STPI
Chun Kwang Young



Singapore Tyler Print Institute (STPI) is proud to reveal new paper cast works by eminent Korean artist, Chun Kwang-Young in an endevour never before attempted at STPI that marks a radical step in three-dimensional paper-making. In addition, 17 large scale artworks from Chun's recent retrospective at the Mori Arts Center, Tokyo Japan will be on show. This exhibition aims to present Chun's erratically angled assemblages in natural dyes and sans-colour that invokes visual and tactile textures of paper. Chun‟s startling illusion-of-depth landscapes are triggered by his systematic rigour and explorations in geometric abstraction.

Chun's artworks reflect his intense involvement with both Western art and the rich heritage of his homeland. The series Aggregation which begun in the mid-1990s is composed of hundreds of tiny triangles wrapped in Korean Hanji (mulberry paper). Inspired by Chun's childhood memories, these wrapped triangles are evocative of medicine herbal bundles hung in clusters from the ceiling of his family run pharmacy. Though herbal medicine is a dying art in Korea, Chun is keenly aware of the historical and personal resonance of his chosen medium.

This ambitious project sparked off during Chun's first residency at STPI in 2005 when he saw the possibilities of STPI's paper mill. Chun approached Master Papermaker, Richard Hungerford with a simple paper cast sample and requested for a similar effect to be achieved in greater complexity and scale with his sculptural formations. Hungerford contemplated the demands on time and resources this complex proposal presented, however went ahead with the challenge knowing the end results would be phenomenal. After four years of experimentation and refinement of the paper casting process, what have emerged are large scale paper cast works characterised by a physically complex terrain in minimal white palette where negative and positive spaces are synchronized in delicate articulation. Hungerford's tenacious manipulation of paper pulp captures minute details such as narrow crevices, twill of twine, recessed and raised Korean typography.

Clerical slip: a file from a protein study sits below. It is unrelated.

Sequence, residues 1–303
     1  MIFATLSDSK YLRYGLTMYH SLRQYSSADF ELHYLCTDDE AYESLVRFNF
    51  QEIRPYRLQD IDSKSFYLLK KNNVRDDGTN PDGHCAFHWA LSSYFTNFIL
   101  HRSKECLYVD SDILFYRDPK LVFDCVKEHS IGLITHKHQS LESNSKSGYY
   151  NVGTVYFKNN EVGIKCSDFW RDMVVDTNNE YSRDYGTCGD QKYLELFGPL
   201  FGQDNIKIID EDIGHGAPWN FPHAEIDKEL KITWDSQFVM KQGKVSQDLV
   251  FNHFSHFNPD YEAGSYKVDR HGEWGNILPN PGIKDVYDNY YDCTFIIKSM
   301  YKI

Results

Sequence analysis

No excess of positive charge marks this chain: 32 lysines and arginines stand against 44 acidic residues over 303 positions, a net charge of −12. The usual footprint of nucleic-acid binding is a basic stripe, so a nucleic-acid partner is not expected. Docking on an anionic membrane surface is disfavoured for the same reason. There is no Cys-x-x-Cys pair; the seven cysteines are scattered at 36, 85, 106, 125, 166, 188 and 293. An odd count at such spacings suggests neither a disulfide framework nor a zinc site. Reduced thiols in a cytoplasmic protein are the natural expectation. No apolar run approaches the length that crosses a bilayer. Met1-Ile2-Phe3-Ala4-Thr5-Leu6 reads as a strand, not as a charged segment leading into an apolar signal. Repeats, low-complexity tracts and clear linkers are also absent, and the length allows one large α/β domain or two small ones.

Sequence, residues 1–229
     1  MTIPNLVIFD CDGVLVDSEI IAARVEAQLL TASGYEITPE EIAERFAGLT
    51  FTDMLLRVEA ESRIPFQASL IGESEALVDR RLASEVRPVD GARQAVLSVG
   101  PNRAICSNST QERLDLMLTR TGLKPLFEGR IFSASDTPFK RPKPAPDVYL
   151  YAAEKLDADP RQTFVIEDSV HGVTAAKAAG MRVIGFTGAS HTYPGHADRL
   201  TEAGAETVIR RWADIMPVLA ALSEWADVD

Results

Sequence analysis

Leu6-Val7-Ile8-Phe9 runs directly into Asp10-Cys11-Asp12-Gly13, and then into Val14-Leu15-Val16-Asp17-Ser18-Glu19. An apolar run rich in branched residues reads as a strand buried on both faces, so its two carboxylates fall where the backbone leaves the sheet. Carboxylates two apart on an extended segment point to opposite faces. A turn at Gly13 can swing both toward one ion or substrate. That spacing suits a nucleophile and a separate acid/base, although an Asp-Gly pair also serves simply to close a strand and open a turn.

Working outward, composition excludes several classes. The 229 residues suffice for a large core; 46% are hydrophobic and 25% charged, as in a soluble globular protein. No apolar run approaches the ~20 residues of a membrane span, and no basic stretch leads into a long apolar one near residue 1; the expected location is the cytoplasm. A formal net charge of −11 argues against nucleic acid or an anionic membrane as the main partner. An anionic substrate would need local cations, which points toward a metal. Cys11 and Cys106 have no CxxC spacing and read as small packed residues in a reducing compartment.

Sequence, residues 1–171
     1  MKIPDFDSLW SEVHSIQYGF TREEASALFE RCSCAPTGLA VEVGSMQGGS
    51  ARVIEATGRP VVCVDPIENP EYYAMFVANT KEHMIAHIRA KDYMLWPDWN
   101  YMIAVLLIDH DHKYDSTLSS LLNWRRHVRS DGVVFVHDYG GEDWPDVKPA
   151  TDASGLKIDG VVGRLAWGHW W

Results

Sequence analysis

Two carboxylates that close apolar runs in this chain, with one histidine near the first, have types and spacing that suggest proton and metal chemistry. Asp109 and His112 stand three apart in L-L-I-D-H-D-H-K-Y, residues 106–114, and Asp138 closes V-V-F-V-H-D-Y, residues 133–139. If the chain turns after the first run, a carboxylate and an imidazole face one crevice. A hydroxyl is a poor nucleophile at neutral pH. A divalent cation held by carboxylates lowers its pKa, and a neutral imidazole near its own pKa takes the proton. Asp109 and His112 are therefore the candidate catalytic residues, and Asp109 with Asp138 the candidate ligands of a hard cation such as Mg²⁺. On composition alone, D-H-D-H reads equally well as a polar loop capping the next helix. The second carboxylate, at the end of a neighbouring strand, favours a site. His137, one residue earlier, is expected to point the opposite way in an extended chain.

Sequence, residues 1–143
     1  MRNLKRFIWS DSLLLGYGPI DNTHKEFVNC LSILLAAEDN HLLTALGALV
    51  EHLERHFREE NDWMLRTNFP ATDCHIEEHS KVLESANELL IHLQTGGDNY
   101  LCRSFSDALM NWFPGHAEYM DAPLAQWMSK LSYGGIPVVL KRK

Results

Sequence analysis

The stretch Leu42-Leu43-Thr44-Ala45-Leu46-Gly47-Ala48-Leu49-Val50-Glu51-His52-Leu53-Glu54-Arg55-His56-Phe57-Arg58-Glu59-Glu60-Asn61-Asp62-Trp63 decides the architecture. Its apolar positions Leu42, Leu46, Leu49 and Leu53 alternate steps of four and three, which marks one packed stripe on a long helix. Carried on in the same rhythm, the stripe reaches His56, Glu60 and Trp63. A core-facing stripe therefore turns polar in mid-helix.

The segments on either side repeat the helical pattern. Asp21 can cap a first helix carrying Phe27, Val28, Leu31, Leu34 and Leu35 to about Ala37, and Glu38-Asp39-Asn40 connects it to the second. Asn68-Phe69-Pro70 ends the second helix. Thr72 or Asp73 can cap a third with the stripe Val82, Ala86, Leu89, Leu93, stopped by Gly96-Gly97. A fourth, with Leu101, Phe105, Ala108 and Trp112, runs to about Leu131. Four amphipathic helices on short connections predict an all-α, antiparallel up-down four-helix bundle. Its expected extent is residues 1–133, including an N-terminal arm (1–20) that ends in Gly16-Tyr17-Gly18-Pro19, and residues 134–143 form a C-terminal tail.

Hungerford says, “This rare feat challenges the paper material on various levels and pushes us towards the development of printing on shaped paper. Chun's paper casts gives positive physical evidence that this is possible for future projects.” Emi Eu, Deputy Director of Development and Programming says, “The importance of this project is the purely hand-made process with no machinery involved, where ancient tradition collides with contemporary art – a noteworthy parallel to Chun who composes his constructions out of century-old handmade mulberry paper.” Chun once remarked that his goal is to “tell the story of my culture” and he has stayed true to that aim continually enforcing his quiet but forceful visual vocabulary in various artistic medium and processes.